Reports that the oceans’ temperatures are rising at a much higher rate than previously thought appear to have been proven after new research has shown that the planet’s waters witnessed a .33-degree Celsius rise as compared to readings conducted in the 1870s. Scripps Institution of Oceanography physical oceanographer, Dean Roemmich, conducted the research and said that the rise in temperature was witnessed in the oceans’ upper portions to a 700-meter depth.
The surface of oceans seems to have been the most impacted with a .59-degree Celsius increase. The numbers dropped to .22 degrees at 900 meters of depth. This is the first time that such a comprehensive comparison has been made ever since the HMS Challenger undertook its voyage from 1872-76 to find out temperature rise. With modern ocean probing robots, it’s becoming easier to calculate temperature change through the global Argo program.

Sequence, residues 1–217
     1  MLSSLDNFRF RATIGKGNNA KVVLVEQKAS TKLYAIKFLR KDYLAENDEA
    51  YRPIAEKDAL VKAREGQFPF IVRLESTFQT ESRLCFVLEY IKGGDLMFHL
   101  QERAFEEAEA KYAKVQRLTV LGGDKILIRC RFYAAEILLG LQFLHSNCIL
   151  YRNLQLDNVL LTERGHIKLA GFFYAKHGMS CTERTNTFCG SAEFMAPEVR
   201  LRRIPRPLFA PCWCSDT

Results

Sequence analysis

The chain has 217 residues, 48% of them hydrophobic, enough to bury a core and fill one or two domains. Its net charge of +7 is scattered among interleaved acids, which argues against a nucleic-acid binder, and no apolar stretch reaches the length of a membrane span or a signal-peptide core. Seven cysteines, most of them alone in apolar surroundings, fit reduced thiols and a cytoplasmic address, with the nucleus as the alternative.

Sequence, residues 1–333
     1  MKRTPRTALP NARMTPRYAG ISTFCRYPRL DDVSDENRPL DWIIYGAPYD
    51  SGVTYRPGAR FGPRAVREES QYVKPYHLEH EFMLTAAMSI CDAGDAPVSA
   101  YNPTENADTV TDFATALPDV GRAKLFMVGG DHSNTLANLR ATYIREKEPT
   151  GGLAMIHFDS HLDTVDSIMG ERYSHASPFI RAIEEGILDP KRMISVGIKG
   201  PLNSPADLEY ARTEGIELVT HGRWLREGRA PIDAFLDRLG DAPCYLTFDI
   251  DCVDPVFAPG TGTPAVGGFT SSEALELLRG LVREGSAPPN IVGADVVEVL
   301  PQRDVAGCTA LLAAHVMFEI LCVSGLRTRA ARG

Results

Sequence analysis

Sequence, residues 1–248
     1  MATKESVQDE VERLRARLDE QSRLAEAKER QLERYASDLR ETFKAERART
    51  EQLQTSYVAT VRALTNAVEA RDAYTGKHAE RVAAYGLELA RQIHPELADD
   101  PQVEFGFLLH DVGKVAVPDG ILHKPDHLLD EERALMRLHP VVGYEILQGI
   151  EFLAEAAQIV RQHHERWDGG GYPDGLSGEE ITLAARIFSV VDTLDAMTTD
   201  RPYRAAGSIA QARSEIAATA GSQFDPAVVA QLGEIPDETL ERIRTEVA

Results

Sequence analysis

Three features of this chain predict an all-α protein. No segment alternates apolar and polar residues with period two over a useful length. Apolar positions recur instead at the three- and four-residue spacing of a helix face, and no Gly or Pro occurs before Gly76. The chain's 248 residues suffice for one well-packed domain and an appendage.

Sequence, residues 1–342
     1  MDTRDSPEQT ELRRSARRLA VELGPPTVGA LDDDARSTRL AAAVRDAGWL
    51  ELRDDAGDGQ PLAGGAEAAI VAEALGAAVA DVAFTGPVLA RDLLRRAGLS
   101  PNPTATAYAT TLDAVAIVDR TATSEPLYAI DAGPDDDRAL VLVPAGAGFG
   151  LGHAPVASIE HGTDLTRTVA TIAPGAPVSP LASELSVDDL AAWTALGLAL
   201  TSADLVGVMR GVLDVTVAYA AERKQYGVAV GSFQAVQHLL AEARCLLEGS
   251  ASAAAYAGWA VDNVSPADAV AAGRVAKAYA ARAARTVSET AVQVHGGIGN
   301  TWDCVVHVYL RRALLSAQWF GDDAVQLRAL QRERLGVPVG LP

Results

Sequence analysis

The trend of temperature rise was noted by scientists who had earlier reported that close to 90 percent of heat added to the climate system was trapped in oceans since the 1960s. But Roemmich’s research goes back further than that to the 1870s showing that the rise in temperature doesn’t apply to just 50 years ago but at least a century back.
The HMS Challenger’s data, despite covering only 300 temperature soundings from across the globe, set a baseline for modern readings and temperature changes around the world. Now, nearly 3,500 Argo floats collect temperature profiles every 10 days.
Roemmich’s findings prove that the earth has been getting hotter for at least 100 years and will give other researchers the mechanism to better understand the earth’s climate. And, using Argo’s data set, future findings will prove to be more accurate. As it is, the Argo project collects over 100,000 temperature-salinity profiles of the earth’s oceans every year. Since its launch in 2000, the program has led to about 1,000 research papers being published.